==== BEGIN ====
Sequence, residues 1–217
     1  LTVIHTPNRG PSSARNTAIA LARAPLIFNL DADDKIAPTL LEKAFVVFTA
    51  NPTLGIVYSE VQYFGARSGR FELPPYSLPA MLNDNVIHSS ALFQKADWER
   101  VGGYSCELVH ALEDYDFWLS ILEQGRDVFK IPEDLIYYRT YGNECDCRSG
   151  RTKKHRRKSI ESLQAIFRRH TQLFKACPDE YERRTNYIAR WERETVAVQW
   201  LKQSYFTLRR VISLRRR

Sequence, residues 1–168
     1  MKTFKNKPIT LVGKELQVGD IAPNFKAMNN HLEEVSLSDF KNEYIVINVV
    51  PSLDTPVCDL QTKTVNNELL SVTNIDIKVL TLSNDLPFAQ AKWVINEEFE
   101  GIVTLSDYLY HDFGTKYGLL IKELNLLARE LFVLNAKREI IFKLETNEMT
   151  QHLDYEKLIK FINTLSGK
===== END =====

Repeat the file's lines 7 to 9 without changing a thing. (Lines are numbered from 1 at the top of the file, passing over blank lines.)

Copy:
Sequence, residues 1–168
     1  MKTFKNKPIT LVGKELQVGD IAPNFKAMNN HLEEVSLSDF KNEYIVINVV
    51  PSLDTPVCDL QTKTVNNELL SVTNIDIKVL TLSNDLPFAQ AKWVINEEFE